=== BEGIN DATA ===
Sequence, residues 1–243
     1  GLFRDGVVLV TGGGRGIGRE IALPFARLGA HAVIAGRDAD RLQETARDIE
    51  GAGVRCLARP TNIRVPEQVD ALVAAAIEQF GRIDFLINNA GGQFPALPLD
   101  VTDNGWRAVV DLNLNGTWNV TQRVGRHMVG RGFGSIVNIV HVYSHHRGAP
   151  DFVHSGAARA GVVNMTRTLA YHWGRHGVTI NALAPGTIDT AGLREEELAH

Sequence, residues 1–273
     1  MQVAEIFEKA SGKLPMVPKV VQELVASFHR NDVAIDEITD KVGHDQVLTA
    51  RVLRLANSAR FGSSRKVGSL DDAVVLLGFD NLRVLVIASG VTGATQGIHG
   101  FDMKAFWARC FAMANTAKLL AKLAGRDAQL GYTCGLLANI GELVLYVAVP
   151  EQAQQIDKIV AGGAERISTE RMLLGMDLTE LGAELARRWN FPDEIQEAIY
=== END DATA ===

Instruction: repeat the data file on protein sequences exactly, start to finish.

Sequence, residues 1–243
     1  GLFRDGVVLV TGGGRGIGRE IALPFARLGA HAVIAGRDAD RLQETARDIE
    51  GAGVRCLARP TNIRVPEQVD ALVAAAIEQF GRIDFLINNA GGQFPALPLD
   101  VTDNGWRAVV DLNLNGTWNV TQRVGRHMVG RGFGSIVNIV HVYSHHRGAP
   151  DFVHSGAARA GVVNMTRTLA YHWGRHGVTI NALAPGTIDT AGLREEELAH

Sequence, residues 1–273
     1  MQVAEIFEKA SGKLPMVPKV VQELVASFHR NDVAIDEITD KVGHDQVLTA
    51  RVLRLANSAR FGSSRKVGSL DDAVVLLGFD NLRVLVIASG VTGATQGIHG
   101  FDMKAFWARC FAMANTAKLL AKLAGRDAQL GYTCGLLANI GELVLYVAVP
   151  EQAQQIDKIV AGGAERISTE RMLLGMDLTE LGAELARRWN FPDEIQEAIY